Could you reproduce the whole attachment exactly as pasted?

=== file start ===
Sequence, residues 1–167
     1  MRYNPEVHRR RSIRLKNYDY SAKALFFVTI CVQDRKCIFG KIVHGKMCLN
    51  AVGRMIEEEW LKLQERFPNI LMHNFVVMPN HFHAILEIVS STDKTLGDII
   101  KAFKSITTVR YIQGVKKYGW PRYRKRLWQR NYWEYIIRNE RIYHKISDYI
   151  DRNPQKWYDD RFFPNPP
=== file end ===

Sequence, residues 1–167
     1  MRYNPEVHRR RSIRLKNYDY SAKALFFVTI CVQDRKCIFG KIVHGKMCLN
    51  AVGRMIEEEW LKLQERFPNI LMHNFVVMPN HFHAILEIVS STDKTLGDII
   101  KAFKSITTVR YIQGVKKYGW PRYRKRLWQR NYWEYIIRNE RIYHKISDYI
   151  DRNPQKWYDD RFFPNPP